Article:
PMS or Premenstrual Syndrome is a condition that affects a woman’s physical and emotional wellbeing during some days of the menstrual cycle. It affects 90% of menstruating women. Mood swings and anxiety are very common in this stage. Serotonin level also affects your mood. It mainly affects women whose moods are sensitive to changing hormone levels.
Causes for PMS
Many believe it occurs due to the change in hormone levels when the menstrual cycle begins. The hormones include estrogen, progesterone. Our lifestyle can also be a significant role in this. Some medications too can increase the effects of PMS.
Symptoms of PMS
The menstrual cycle is usually 28 days and the symptoms can start from the 14th day of the menstrual cycle (after ovulation) and last up to the last 7 days. The symptoms may be mild to moderate for most. For some the PMS symptoms are severe and it can be premenstrual dysphoric disorder (PMDD). After pregnancy, the symptoms of PMS can vary.
Physical symptoms of Premenstrual Syndrome
- Abdominal bloating or pain
- Breast tenderness.
- Food Cravings
- Constipation or diarrhea
- Headaches, back pain.
- Lower tolerance to light or sound
Emotional Symptoms of Premenstrual Syndrome
- changes in sleep patterns
- anxiety, depression, sadness or emotional outbursts
- reduced sexual desire.
The symptoms of PMS can vary for different women and it can worsen with increasing age. It stops completely after menopause. You will need to consult your doctor if the symptoms are affecting your daily life.
Diagnosis for PMS
The doctor will be asking a few questions related to the symptoms, the frequency and timing of the symptoms along with a few more personal questions associated with your mood swings, stress, etc. Next, they may ask about any medications you are taking and your medical history. This may be followed by a combination few physical tests and blood tests.
During these tests, the doctor will rule out endometriosis, anemia, thyroid issues, irritable bowel syndrome, chronic fatigue issues as they have symptoms similar to PMS. If they are not able to identify any physical issues, then they may ask you to start keeping a record of the symptoms that you experience in the next three months in the period between ovulation and periods and is completely absent during the other days and establish a diagnosis from it.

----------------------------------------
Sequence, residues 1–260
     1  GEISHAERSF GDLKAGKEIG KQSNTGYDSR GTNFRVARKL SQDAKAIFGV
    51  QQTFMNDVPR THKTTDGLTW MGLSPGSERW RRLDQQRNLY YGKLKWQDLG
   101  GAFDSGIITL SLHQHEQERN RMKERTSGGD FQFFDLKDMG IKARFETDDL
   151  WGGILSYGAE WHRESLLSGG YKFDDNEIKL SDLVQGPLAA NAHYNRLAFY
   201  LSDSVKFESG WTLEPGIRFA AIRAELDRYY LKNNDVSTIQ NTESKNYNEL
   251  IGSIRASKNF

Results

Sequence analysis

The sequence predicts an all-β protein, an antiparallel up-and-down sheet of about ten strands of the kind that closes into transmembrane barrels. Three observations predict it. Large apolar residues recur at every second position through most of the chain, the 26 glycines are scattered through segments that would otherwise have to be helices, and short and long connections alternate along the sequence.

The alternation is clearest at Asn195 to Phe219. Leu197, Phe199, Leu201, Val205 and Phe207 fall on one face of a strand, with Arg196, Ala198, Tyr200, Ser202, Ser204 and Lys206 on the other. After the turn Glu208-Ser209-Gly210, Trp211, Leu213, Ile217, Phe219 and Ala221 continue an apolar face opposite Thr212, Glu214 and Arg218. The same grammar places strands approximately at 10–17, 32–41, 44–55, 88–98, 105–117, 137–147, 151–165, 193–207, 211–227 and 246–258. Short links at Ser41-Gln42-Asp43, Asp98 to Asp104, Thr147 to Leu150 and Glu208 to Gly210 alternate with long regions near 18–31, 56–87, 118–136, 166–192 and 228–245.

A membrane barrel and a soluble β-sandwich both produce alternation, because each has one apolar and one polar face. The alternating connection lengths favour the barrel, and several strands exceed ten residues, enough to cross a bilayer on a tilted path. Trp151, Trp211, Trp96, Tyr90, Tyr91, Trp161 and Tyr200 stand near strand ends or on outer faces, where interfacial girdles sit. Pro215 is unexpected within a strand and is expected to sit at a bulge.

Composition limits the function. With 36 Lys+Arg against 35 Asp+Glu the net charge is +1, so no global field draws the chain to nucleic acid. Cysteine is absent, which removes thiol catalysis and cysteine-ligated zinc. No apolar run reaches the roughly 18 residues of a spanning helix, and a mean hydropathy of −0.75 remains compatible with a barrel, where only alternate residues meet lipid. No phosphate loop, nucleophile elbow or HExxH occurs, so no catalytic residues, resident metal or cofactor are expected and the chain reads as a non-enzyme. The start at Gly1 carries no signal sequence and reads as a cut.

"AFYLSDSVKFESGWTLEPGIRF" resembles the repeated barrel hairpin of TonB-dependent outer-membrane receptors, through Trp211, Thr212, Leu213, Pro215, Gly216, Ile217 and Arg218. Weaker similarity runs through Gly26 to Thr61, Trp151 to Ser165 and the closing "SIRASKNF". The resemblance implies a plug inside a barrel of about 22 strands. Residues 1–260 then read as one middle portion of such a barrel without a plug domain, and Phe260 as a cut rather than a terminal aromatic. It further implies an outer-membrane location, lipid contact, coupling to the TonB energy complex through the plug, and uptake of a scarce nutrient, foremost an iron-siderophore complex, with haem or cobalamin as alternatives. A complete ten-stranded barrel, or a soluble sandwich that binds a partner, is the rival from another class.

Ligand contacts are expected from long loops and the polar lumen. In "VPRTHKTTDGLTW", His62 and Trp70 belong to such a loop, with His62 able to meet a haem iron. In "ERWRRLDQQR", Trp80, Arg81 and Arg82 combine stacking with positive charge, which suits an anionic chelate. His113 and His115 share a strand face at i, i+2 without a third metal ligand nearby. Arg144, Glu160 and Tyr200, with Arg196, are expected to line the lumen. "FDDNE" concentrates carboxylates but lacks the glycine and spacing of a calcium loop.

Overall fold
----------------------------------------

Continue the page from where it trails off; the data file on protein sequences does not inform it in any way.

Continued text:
Treatment for PMS
The treatment for PMS is based on the severity, cause and how much it affects your daily routines.
If they are mild the doctor may suggest changes to improve your current lifestyle like
- Drinking plenty of fluids
- Eat a balanced diet including lots of fruits and vegetable
- Reduce your sugar, caffeine and alcohol intake
- Include supplements for folic acid, Vit b6, Vit D , calcium and magnesium.
- Exercise, try to sleep at least 8 hours
- Cognitive behavior therapy
- Pain medications may be taken to reduces muscle aches and cramps.
- Hormonal medicines
All medication should be taken only after consulting with your doctor.
Severe PMS – PMDD (Premenstrual dysphoric disorder)
The symptoms are
- Suicidal thoughts
- Extreme anxiety, severe mood swings with anger bursts, panic attacks
- Binge eating
The symptoms occur due to changing hormone levels. Low serotonin level is also an additional factor.
Along with above mentioned steps the doctor may also suggest
- Stress management
PMS or PMDD cannot be completely cleared but the severity of the symptoms can be reduced.
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